Late last night, as The Common Man stubbornly refused to go to sleep at a reasonable hour, he saw Trainspotting for the first time. As it turns out, Trainspotting is not the movie that the father of a young child should be watching just before bed. If you haven't seen it, the plot hinges on the crib-death of Baby Dawn, the daughter of a heroin addict, which is grotesque and haunting. Needless to say, The Common Man did not sleep well.
That said, it got The Common Man to thinking that it was time to make a list. So, here are the 5 movies that no man should ever have to see.
Exit to Eden - Look, there are many things in life that The Common Man hopes to never see. One of those things used to be Rosie O'Donnell in a leather dominatrix outfit. It's not that The Common Man dislikes Rosie. There was a time, believe it or not, that Rosie was pretty funny. Then she got her own show, then she went nuts, then she started ranting about 9/11 conspiracies. Sadly, in 1994, crazy 2008 Rosie traveled back in time, knocked her old self out and locked her in the closet, and decided to make a sex/buddy-cop comedy with Dan Ackroyd. Chasing diamond smugglers, Rosie and Ackroyd go undercover at a sexual retreat center run by Hector Elizando and Dana Delaney. But frankly, who cares about the plot. Rosie O'Donnell and Dan Ackroyd in leather bondage gear. No man should have to endure that.
Thelma and Louise - This is certainly a good movie. The Common Man does not dispute that. And it features Susan Sarandon at the top of her sultry Southern older woman hotness. And Geena Davis wasn't bad either in those pre-Cutthroat Island days. But it's hard to argue that any man comes across well in the buddy/road movie for female empowerment. After one man tries to rape Thelma, Louise shoots him and the women go out on the lamb. Louise's boyfriend steals her money and Thelma's husband is a controlling ass. Brad Pitt is Brad Pitt, but he's also a felon who has broken parole. Harvey Keitel may be sympathetic to their plight, but he is also part of the posse that chases them over the edge of the Grand Canyon. Not much to hang your hat on in this film, boys.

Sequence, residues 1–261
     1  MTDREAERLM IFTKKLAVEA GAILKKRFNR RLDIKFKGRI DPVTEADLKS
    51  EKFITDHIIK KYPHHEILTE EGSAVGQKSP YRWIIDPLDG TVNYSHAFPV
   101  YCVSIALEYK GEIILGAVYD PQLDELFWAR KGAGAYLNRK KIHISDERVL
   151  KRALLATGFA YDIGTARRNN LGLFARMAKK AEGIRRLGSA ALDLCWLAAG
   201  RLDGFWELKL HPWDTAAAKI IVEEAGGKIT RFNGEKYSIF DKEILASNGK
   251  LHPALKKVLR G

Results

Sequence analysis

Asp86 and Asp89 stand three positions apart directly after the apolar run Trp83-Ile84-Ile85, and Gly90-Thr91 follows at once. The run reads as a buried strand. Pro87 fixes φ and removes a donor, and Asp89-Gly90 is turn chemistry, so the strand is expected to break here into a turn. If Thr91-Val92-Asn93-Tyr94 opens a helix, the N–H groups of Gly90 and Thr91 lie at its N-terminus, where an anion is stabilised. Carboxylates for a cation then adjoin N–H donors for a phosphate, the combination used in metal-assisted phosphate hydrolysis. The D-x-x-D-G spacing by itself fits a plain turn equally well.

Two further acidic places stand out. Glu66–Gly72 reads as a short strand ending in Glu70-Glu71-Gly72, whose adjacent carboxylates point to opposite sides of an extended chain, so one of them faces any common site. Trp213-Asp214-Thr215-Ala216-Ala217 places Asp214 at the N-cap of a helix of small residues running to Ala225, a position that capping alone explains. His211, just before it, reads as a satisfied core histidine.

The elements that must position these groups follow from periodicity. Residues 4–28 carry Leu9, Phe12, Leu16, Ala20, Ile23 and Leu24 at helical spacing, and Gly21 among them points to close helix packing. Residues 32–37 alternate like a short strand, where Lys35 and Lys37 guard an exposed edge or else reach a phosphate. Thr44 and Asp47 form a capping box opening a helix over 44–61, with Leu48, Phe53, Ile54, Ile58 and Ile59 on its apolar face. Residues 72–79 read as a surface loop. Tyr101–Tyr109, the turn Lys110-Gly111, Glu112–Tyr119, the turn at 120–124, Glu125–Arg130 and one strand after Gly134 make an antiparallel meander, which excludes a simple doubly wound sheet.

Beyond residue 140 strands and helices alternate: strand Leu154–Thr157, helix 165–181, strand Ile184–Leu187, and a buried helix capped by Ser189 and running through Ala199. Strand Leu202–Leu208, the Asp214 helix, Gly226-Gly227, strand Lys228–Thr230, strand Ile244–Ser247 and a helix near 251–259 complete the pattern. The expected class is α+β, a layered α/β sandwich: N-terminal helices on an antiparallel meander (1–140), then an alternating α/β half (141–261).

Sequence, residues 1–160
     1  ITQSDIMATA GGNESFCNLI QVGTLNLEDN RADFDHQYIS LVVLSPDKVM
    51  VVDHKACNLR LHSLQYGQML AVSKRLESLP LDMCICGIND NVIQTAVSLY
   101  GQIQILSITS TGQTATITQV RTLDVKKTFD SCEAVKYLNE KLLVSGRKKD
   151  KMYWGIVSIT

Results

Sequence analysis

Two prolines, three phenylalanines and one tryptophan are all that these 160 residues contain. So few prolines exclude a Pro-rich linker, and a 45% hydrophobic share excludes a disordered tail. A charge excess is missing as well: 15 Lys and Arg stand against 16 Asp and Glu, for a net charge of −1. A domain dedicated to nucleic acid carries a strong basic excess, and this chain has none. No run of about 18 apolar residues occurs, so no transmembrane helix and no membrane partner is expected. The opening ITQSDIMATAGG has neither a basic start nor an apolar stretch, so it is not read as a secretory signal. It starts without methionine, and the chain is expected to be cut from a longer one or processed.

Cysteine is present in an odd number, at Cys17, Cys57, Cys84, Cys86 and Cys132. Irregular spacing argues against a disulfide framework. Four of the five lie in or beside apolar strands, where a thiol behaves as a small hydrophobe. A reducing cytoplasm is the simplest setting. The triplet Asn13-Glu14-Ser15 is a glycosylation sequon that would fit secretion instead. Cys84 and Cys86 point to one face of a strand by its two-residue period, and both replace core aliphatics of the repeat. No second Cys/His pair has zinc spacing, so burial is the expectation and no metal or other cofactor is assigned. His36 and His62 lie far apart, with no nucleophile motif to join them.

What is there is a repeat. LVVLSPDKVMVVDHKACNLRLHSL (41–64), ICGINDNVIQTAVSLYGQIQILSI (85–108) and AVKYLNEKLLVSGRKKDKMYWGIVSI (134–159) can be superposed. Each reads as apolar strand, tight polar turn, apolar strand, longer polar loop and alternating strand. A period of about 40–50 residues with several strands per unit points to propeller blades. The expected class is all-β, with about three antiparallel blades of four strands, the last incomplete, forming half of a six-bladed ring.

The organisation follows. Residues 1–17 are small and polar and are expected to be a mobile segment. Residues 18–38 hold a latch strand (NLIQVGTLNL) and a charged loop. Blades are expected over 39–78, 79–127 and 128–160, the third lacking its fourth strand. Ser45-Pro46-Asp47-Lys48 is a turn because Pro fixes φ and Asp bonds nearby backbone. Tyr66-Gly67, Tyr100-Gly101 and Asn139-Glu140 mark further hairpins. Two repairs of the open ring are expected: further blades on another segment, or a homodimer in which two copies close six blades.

The Color Purple - Speaking of movies where men don't come off well. Stephen Spielberg's The Color Purple features a wife-beating, alcoholic, unfaithful, and uninterested male lead, Mr. ____________. The second male lead, Harpo, is a buffoon whose primary responsibilities involve getting beat up by his wife and falling through roofs for comedic effect. Celie's step-father, who she believes to be her real dad, rapes and impregnates her as a youth. And, well, that's pretty much it except for Mr.__________'s father, a cantankerous old coot who has shaped his son into the woman-beating, lazy slob he ultimately became. The book, a masterpiece by Alice Walker was underserved by the film, as it allowed the male characters to redeem themselves by the end of the novel without sacrificing the overall theme of female sexual awakening and empowerment. Do yourself a favor and skip the movie, read the book, and find the awesome Thanksgiving Dinner scene, the only truly wonderful scene in the movie, somewhere on You Tube.
Sisterhood of the Traveling Pants - The Common Man has not seen The Sisterhood of the Traveling Pants. It's entirely possible that it's a good movie. But the words "sisterhood", "traveling", and "pants" have somehow found the magical word combination that neutralizes the curious sections of The Common Man's brain. He simply has no desire to learn anything more than the title. He doesn't even want to know how pants travel. Or how the traveling pants somehow spawn sisterhood. At least The Divine Secrets of the Ya-Ya Sisterhood had Ashley Judd and Sandra Bullock. And James Garner, a real man's man. Not that, uh, The Common Man has, uh, seen it.
At this point, The Common Man is stuck and will solicit nominations from the peanut gallery. What movies should men never be forced to endure? What other movies should be rated XX, for gals only?